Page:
Our data suggest that females are less motivated to take vaccination than their male counterparts, which is further linked to their economic, educational, and marital status. This indicates the need for gender-specific awareness programs that may increase the uptake of COVID-19 vaccinations. Concurring with the previous report,[6] the present study also found that the older/geriatric population is highly motivated to take vaccination compared to the younger population. The inferences from this study necessitate the need for reaching out to the younger population with more effective strategies.

Respondents belonging to the middle-class strata of society and higher education status were highly motivated to take vaccination driven by fear of getting infected, adherence to government guidelines, or health benefits of the vaccine. This inference is identical to the multi-national survey conducted to appraise vaccine acceptance, showing that higher education and income are cardinal factors in increased vaccine acceptance.[7]

Nearly 10% of participants reported that their motivation to vaccinate is indirect pressure from educational institutions, employers, or the government. Though the percentage of this population is considerably small, the reported motivations need careful evaluation, as these respondents are not self-motivated but undertook vaccination by a perceived force. This may potentially impact the vaccine coverage, as self-motivation or voluntary choice to take up vaccination is regarded as the best strategy over-emphatic vaccination.[8] Similarly, 10% of the population did not accept the vaccine because of disbelief in vaccine efficacy or undue trust over natural immunity. This is more jeopardized by the existing vaccine conspiracy theories and misinformation.[9] Policymakers may have to adopt a more transparent and inclusive approach to increase voluntary vaccine uptake, as vaccine resistance is reported to increase with compulsory vaccination.[8]

The overall results depict an array of motivations behind vaccination. The majority were affirmative responses toward vaccine acceptance, and a few of them require policy-level interventions to make vaccination uptake a voluntary process. The results of this survey are essential in light of reported vaccine hesitancy among the general public and medical fraternities.[1],[10]There are demonstrable limitations in this study such as the survey respondents are those who know the English language, who got access to the internet, and who were aware ofresponding to a Google form. The limited sample size in this survey remains another limitation that questions the generalizability of results. Nevertheless, the insights from this survey may be helpful to design more inclusive, informative, and population-centric vaccination campaigns that can overcome vaccine resistance and make vaccination a voluntary health program.


The authors would like to thank Dr. Sriloy Mohanty, Aman Agarwal, AIIMS, New Delhi, Dr. Kinjal Dilipsinh Bhalavat, MDINYS, Gujarat, Dr. Swarna Ganesh, GMC, Coimbatore, Dr. Rita Vaz, AYUSH Doctor, South Goa District COVID Hospital, Goa, Dr. Cijith Sreedhar, CMO, Prakriti Shakti – Clinic of Naturopathy, Kerala and Dr. Hyndavi Salwa, Senior Research Fellow, Center for Chronic Disease Control, New Delhi for their support.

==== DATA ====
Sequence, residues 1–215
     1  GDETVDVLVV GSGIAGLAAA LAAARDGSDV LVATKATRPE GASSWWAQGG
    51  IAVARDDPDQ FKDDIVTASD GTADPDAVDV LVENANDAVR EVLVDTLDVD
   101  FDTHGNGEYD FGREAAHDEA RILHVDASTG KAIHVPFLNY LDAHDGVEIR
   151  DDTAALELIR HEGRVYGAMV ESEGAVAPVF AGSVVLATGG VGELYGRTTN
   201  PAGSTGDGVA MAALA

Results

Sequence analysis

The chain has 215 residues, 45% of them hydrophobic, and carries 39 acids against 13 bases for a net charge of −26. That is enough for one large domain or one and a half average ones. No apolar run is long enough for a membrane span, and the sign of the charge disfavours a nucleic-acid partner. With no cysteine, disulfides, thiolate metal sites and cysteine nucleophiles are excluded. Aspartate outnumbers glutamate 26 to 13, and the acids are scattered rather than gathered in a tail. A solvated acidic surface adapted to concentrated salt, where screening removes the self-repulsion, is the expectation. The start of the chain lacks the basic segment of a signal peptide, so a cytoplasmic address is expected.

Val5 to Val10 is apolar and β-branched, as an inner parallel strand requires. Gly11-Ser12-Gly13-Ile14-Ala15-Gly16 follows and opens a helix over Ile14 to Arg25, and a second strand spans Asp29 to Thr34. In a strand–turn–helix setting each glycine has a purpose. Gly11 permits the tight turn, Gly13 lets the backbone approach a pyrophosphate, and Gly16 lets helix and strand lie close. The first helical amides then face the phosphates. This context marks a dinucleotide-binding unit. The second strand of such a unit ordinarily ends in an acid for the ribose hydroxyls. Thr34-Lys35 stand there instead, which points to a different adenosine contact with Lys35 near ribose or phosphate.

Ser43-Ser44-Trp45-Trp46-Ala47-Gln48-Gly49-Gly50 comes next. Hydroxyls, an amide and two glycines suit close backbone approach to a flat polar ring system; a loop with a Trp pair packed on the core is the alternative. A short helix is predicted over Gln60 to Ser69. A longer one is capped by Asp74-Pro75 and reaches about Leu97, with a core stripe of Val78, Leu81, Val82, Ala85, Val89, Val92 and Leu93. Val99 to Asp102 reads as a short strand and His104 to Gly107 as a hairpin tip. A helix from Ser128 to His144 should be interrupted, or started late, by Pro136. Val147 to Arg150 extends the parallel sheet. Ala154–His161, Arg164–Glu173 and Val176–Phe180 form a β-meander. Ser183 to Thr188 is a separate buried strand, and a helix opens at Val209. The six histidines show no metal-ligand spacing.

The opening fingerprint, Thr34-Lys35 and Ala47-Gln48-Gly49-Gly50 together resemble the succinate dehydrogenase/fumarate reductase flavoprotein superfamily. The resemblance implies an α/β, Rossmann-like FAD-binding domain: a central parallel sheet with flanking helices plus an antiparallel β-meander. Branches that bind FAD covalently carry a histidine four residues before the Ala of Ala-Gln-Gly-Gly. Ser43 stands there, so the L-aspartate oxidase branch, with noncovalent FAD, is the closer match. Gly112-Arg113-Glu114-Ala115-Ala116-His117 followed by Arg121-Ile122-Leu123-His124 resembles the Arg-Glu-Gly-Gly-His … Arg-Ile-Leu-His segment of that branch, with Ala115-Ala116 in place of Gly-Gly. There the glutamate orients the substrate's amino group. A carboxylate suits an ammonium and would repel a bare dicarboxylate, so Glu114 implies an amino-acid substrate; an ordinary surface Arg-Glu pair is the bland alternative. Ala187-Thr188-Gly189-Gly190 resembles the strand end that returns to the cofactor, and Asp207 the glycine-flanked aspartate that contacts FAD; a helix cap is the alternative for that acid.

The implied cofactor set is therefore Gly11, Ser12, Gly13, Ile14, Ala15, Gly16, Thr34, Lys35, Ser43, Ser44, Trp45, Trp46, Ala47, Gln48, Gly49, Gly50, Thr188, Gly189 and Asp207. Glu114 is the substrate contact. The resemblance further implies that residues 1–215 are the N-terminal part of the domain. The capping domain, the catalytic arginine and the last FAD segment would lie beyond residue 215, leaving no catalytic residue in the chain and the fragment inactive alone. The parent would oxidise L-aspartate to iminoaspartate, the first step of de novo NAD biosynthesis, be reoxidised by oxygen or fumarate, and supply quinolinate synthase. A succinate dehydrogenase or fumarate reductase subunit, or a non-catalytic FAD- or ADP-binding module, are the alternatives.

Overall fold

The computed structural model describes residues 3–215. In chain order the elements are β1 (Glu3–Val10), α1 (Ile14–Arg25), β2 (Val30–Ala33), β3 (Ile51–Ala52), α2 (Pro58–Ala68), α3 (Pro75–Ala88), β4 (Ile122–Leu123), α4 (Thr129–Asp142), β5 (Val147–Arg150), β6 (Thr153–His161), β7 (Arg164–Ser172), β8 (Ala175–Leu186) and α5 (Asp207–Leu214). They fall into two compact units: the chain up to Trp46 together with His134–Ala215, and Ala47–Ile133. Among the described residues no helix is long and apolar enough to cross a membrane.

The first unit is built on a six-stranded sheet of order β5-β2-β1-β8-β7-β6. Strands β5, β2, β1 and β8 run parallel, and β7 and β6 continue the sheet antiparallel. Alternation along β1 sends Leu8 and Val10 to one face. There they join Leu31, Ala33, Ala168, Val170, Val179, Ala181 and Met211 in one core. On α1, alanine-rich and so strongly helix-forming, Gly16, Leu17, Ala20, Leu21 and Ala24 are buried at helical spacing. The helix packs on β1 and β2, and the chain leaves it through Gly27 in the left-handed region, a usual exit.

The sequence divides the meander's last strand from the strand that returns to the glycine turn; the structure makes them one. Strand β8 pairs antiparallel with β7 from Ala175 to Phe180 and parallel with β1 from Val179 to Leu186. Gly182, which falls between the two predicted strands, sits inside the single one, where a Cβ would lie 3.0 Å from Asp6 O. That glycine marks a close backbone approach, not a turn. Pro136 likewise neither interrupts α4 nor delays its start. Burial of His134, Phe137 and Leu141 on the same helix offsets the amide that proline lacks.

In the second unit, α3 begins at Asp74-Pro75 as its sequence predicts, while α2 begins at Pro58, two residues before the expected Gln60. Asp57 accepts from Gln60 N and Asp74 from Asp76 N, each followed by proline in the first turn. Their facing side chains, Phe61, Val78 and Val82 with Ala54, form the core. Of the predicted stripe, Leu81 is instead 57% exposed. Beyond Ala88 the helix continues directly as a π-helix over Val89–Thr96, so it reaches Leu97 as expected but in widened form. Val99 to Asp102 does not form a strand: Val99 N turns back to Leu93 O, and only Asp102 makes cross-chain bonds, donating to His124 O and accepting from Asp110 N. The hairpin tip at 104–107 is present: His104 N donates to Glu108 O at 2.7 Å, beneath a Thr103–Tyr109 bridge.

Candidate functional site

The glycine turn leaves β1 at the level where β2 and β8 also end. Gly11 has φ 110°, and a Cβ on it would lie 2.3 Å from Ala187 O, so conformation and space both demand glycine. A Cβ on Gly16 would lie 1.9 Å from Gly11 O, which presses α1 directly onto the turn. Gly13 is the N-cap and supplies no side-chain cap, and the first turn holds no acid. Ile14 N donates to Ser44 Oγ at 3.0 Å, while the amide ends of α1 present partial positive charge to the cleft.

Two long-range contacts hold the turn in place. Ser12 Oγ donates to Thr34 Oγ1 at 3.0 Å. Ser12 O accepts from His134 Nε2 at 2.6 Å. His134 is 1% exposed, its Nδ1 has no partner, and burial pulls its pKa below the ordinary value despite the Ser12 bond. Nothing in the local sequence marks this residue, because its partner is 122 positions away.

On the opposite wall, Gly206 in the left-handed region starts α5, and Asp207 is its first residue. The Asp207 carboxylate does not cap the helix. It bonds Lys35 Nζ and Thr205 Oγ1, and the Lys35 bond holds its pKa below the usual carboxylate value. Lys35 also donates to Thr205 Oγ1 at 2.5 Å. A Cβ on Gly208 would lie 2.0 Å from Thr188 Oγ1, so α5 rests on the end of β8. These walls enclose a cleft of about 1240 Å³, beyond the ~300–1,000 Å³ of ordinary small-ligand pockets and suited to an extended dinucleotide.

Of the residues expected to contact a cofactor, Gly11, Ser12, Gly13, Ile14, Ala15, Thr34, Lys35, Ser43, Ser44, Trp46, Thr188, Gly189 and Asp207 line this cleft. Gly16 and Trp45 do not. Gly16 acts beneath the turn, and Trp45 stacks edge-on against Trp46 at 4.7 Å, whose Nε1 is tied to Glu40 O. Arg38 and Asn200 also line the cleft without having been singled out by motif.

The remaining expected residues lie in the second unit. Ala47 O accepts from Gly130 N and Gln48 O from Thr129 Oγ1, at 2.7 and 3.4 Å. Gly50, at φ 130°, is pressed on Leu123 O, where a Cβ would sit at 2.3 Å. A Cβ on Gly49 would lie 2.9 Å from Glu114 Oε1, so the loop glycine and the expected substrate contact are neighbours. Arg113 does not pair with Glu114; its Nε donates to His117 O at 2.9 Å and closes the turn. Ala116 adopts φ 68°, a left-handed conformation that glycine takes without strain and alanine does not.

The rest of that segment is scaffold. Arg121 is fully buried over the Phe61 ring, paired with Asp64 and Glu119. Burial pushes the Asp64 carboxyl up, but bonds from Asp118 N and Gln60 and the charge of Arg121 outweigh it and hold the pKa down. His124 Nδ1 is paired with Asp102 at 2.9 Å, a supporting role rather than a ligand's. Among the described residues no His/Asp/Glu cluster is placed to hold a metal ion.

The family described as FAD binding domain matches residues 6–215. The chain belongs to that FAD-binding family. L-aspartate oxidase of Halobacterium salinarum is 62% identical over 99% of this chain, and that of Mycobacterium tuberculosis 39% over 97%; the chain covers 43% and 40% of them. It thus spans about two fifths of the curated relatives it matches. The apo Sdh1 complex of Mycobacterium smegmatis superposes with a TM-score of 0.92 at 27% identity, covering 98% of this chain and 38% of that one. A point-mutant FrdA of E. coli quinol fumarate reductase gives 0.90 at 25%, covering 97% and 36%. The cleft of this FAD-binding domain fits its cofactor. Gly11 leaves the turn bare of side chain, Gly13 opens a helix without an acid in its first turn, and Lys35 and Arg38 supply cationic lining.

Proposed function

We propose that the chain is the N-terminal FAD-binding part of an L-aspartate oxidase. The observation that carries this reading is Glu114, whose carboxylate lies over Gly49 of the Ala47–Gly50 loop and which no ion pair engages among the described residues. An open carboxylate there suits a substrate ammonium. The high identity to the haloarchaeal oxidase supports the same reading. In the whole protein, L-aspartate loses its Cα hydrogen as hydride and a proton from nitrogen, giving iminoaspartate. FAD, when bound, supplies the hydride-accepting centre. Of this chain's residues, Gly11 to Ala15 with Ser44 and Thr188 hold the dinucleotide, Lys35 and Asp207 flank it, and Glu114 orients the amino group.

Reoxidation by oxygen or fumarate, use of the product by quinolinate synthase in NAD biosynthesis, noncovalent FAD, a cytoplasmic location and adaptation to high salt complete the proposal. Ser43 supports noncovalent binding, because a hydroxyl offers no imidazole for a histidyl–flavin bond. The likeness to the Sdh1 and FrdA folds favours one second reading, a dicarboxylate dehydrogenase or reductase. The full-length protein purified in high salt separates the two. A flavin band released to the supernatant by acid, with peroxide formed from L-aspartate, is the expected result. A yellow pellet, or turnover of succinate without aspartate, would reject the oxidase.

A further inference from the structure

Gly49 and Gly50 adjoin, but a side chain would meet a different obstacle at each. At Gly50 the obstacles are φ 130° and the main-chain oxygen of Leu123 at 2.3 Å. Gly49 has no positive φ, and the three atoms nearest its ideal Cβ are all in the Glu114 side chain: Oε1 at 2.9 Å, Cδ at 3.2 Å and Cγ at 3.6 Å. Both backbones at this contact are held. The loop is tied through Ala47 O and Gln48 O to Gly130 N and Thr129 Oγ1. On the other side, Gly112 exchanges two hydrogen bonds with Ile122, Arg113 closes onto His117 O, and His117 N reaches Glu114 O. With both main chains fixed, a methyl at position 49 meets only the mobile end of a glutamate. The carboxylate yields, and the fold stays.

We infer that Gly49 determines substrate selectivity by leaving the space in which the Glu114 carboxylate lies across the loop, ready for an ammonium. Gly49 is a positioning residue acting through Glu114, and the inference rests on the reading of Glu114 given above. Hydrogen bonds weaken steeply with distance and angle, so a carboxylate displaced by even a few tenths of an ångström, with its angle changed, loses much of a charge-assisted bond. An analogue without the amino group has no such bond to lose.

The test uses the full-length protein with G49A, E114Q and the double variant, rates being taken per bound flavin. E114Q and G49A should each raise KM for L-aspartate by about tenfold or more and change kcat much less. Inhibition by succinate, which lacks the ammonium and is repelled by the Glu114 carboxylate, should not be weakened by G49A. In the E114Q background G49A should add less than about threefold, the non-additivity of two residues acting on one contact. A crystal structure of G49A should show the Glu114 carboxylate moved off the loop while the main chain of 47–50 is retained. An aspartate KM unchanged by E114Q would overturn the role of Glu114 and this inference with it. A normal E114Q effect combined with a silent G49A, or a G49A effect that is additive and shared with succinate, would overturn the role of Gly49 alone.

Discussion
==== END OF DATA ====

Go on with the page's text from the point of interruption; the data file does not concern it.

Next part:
Ethical approval

The study was approved by Institutional Ethics Committee of Sant Hirdaram Medical College via SHMCNYS/IEC/2021-22/P17/234.

Patient consent

All the patients signed a digital consent before participating in the study.

Financial support and sponsorship


Conflicts of interest

There are no conflicts of interest.

  References Top

Jain J, Saurabh S, Kumar P, Verma MK, Goel AD, Gupta MK, et al. COVID-19 vaccine hesitancy among medical students in India. Epidemiol Infect 2021;149:e132.  Back to cited text no. 1
Dutta T, Agley J, Meyerson BE, Barnes PA, Sherwood-Laughlin C, Nicholson-Crotty J. Perceived enablers and barriers of community engagement for vaccination in India: Using socioecological analysis. PLoS One 2021;16:e0253318.  Back to cited text no. 2
Kumari A, Ranjan P, Chopra S, Kaur D, Kaur T, Upadhyay AD, et al.Knowledge, barriers and facilitators regarding COVID-19 vaccine and vaccination programme among the general population: A cross-sectional survey from one thousand two hundred and forty-nine participants. Diabetes Metab Syndr 2021;15:987-92.  Back to cited text no. 3
Elgendy MO, Abdelrahim MEA. Public awareness about coronavirus vaccine, vaccine acceptance, and hesitancy. J Med Virol 2021;93:6535-43.  Back to cited text no. 4
Olatunji BO, Etzel EN, Tomarken AJ, Ciesielski BG, Deacon B. The effects of safety behaviors on health anxiety: An experimental investigation. Behav Res Ther 2011;49:719-28.  Back to cited text no. 5
Lazarus JV, Ratzan SC, Palayew A, Gostin LO, Larson HJ, Rabin K, et al.A global survey of potential acceptance of a COVID-19 vaccine. Nat Med 2021;27:225-8.  Back to cited text no. 6
Murphy J, Vallières F, Bentall RP, Shevlin M, McBride O, Hartman TK, et al.Psychological characteristics associated with COVID-19 vaccine hesitancy and resistance in Ireland and the United Kingdom. Nat Commun 2021;12:29.  Back to cited text no. 7
Sprengholz P, Eitze S, Korn L, Siegers R, Betsch C. The power of choice: Experimental evidence that freedom to choose a vaccine against COVID-19 improves willingness to be vaccinated. Eur J Intern Med 2021;87:106-8.  Back to cited text no. 8
Islam MS, Kamal AM, Kabir A, Southern DL, Khan SH, Hasan SMM, et al.COVID-19 vaccine rumors and conspiracy theories: The need for cognitive inoculation against misinformation to improve vaccine adherence. PLoS One 2021;16:e0251605.  Back to cited text no. 9
Bhargava R, Jain G, Bhargava A, Gupta S. COVID-19 vaccination drive: Impact on the acceptance of vaccine among the general population of India. J Manage Res Anal 2021;8:61-9.  Back to cited text no. 10